Some experts weigh in on what makes suburbs healthier places to live in.

https://www.domain.com.au/healthy-sydney/sydneys-healthy-suburbs-20...

also a map scoring suburbs. Some surprises maybe. Best strategy, move to the north shore and take up volunteering it seems.

https://www.domain.com.au/healthy-sydney/

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The experts suggest many things to be added - walkability, better public transit, better cycling infrastructure, more density. All true and good.

The lack of all of these things has one main cause - cars. And it will be very difficult to add more of the good things without taking away a lot of the cars, because the space required for the good things is currently used by cars. Roads and parking, roads and parking, roads and parking.

The solutions for creating healthy places may be well-known, but they all run into the political problem of convincing people to take space away from roads and parking and give it to other things. It is this political problem we lack solutions for.

Not only do we lack solutions for, we lack the politicians. At the moment they're all too busy protecting their own seats that actually running the country. It's also a catch 22 situation where people will refuse to give up their cars in order to make room for the infrastructure needed to enable them to give up their cars, they'll only consider it when the alternatives are already established. This leads the politicians to see that the only solution is to provide more space for the cars, and less for everything else. The result of which is a further dependence on the car and more resistance when residents are asked to give them up.

How much public space is given over to cars:

It's more profitable to minimise public structure in a new subdivision, they are only going to do what the council/state require them to do

Not sure what you mean exactly, but I'd say that excessive public roads infrastructure is always built.

They had a tv news story last week or the week before, about one of those greenfield developments in the western suburbs. The couple interviewed lived in Marsden Park, suburb wasn't served by bus, and they only had one car. He worked as a baker in Westmead and started at 1:30 am and she worked more normal hours somewhere further in along the western line.

They'd both drive to his place of employment and she'd sleep in the car for the next 6 or 7 hours, because getting to Schofields train station was apparently impossible otherwise.

All well and good to ask for public services in low density suburbs, but you'd probably be looking at an ideal commuter bike ride, 6 or 7km at worst, on relatively flat terrain. They appeared Indian/Sri Lankan, but already with a western mentality!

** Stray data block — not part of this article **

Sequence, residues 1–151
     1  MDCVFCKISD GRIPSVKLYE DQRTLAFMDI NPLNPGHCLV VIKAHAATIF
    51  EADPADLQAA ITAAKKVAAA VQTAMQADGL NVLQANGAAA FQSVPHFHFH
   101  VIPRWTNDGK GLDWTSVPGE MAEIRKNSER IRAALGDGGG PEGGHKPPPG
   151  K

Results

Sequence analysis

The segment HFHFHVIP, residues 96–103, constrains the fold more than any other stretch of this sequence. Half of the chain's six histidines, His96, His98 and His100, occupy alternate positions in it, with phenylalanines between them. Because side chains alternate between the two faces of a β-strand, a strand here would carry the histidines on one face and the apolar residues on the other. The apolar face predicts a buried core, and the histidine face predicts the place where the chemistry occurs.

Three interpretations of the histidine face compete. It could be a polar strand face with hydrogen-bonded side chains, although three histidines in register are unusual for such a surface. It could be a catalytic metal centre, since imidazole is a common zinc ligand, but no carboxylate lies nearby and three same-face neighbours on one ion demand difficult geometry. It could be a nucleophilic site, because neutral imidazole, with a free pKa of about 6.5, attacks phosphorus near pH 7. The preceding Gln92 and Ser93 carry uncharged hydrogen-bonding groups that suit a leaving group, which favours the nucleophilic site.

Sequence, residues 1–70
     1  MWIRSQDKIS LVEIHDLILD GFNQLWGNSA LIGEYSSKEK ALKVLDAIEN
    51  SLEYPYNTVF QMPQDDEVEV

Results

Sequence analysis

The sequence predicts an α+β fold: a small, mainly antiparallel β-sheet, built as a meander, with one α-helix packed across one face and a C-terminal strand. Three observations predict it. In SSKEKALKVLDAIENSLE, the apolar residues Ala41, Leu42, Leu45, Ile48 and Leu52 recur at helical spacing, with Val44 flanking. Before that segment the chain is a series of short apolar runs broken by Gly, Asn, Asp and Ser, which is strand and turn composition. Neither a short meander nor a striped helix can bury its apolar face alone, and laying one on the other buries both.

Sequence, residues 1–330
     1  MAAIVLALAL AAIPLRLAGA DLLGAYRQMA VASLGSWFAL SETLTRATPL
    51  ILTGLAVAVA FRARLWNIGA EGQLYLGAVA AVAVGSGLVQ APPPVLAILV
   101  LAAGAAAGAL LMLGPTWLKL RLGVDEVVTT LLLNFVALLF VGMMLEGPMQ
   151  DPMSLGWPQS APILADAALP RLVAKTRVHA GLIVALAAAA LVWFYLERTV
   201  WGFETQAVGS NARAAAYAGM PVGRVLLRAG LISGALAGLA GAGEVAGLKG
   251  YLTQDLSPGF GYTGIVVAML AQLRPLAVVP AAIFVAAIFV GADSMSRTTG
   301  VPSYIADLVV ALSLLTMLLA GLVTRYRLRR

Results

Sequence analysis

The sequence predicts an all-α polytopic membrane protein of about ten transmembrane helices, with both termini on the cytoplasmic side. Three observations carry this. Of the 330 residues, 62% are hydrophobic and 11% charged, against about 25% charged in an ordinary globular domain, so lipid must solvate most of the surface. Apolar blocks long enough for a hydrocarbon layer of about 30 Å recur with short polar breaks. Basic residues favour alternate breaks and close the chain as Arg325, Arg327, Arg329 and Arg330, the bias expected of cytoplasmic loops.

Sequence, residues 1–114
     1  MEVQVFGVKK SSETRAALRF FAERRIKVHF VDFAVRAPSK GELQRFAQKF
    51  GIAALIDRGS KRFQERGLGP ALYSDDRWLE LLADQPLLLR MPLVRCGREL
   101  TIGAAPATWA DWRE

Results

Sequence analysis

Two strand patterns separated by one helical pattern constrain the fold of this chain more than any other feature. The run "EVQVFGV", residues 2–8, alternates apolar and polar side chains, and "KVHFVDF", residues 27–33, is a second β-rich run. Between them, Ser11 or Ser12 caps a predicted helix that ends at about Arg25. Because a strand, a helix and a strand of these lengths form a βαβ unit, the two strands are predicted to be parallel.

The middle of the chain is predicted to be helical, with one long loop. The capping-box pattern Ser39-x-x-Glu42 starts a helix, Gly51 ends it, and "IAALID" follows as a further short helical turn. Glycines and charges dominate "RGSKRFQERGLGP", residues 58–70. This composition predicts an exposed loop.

1. why on earth would they buy in such a suburb in the first place, given their circumstances?
  2. Route 757 runs to Rooty Hill from Marsden Park
  3. Marsden park is about 5-6km from Riverstone Station -- why not walk?

Sleeping in a car for six hours is by their own (strange) choice.

oh well, if they had a  camper van with a nice comfy bed....

....he might go off to work with a smile on his face.

- and she no doubt got a free breakfast in the morning.

From memory, they fit the stereotype perfectly....camry in the driveway....so might be kama sutra specialists. :)

Went past Schofields station today, plenty of bike parking both sides even. Depressing looking at that landscape though, used to see wallabies virtually every time, now cheek by jowl 2 storey boxes mostly facing east /west and no space for greenery to cool them down. 

A mate was involved in a land release out near there a few years back, they basically had to cook huge amounts of topsoil because of chemical contamination - would give you pause to wonder what's under the old airport site they've already bulldozed straight to a street layout.

It exhibits the extremes some will go to avoid exercise and the must drive mentality.   If exercise is beyond her, what about a motor scooter.  I see the fault being with her or him and less so with the Govt

Middleton Grange on the M7 only got 1.5 stars. Hoxton Park next door got one star. 

Middleton Grange is the new suburb with the road (Middleton Dr) that looked like it was going to cut the M7 cycleway.  (also a thread here)

The road still seems to end just before the M7 cycle path (anyone been along there recently?), but the crazy thing is there is no access to the path for the locals, although only a lowish fence. Hemsworth Av seems to run to join the cycleway but again, a fence. You have to go south to Hall Cct before you can get on to the M7 cycleway. Nearest shops in Carne Hill about 4.5 km away and no cycleways marked through the suburbs, or to the schools, but a shared path on busy Cowpastures Rd. You could even get to Bunnings if you were brave. On the whole, pretty poor cycling infra for a new area. 

Liverpool Station is about 9 km away and you could ride there on cyclepaths most of the way on M7 and Hoxton Park Rd etc, or use the Transitway cycleway to get to the industrial areas around Wetherill Park or to Parramatta eventually. Leppington, another growth area, is about 7 km away. Some half arsed bike lanes near Leppington Station I hope arent indicative of bicycle infrastructure for the new suburb.

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